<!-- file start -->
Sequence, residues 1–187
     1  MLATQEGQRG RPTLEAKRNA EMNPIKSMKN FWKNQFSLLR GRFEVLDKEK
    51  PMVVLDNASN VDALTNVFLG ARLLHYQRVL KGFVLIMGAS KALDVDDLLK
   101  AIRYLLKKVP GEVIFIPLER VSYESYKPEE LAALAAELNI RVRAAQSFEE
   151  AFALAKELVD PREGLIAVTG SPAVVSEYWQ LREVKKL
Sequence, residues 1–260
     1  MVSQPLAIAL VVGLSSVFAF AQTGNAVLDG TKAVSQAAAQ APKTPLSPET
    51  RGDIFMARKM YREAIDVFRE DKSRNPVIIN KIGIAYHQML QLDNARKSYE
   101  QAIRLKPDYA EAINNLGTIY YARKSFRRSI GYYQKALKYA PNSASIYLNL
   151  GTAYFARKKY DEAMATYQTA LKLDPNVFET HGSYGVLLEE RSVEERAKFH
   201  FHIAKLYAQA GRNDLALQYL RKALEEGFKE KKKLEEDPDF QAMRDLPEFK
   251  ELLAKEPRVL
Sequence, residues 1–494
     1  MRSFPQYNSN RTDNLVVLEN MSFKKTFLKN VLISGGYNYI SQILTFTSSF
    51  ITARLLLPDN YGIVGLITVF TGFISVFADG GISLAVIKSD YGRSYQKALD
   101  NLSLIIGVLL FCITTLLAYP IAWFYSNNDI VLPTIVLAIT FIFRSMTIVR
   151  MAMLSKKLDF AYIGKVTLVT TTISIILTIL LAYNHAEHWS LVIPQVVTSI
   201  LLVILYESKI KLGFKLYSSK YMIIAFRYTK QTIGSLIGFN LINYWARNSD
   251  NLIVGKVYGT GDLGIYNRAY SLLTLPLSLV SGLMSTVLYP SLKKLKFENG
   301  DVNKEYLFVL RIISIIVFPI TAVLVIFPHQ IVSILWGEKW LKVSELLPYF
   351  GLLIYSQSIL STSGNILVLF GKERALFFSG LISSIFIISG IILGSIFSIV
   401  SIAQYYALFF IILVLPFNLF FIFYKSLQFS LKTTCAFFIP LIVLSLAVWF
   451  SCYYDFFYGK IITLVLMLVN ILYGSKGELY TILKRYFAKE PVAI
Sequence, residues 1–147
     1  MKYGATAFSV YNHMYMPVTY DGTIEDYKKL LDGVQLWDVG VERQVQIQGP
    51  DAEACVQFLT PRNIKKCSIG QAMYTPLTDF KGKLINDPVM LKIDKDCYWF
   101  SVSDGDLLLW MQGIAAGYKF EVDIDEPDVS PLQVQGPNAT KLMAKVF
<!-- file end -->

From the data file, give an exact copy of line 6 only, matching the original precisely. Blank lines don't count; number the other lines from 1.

Sequence, residues 1–260